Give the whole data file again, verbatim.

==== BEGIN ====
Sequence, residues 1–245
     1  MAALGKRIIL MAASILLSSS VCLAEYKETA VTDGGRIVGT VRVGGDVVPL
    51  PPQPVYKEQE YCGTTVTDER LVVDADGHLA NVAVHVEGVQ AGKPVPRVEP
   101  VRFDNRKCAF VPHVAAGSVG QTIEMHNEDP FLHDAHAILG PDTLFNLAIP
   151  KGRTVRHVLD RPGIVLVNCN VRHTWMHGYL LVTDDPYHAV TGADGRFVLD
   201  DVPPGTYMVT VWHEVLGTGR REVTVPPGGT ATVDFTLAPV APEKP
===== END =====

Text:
Sequence, residues 1–245
     1  MAALGKRIIL MAASILLSSS VCLAEYKETA VTDGGRIVGT VRVGGDVVPL
    51  PPQPVYKEQE YCGTTVTDER LVVDADGHLA NVAVHVEGVQ AGKPVPRVEP
   101  VRFDNRKCAF VPHVAAGSVG QTIEMHNEDP FLHDAHAILG PDTLFNLAIP
   151  KGRTVRHVLD RPGIVLVNCN VRHTWMHGYL LVTDDPYHAV TGADGRFVLD
   201  DVPPGTYMVT VWHEVLGTGR REVTVPPGGT ATVDFTLAPV APEKP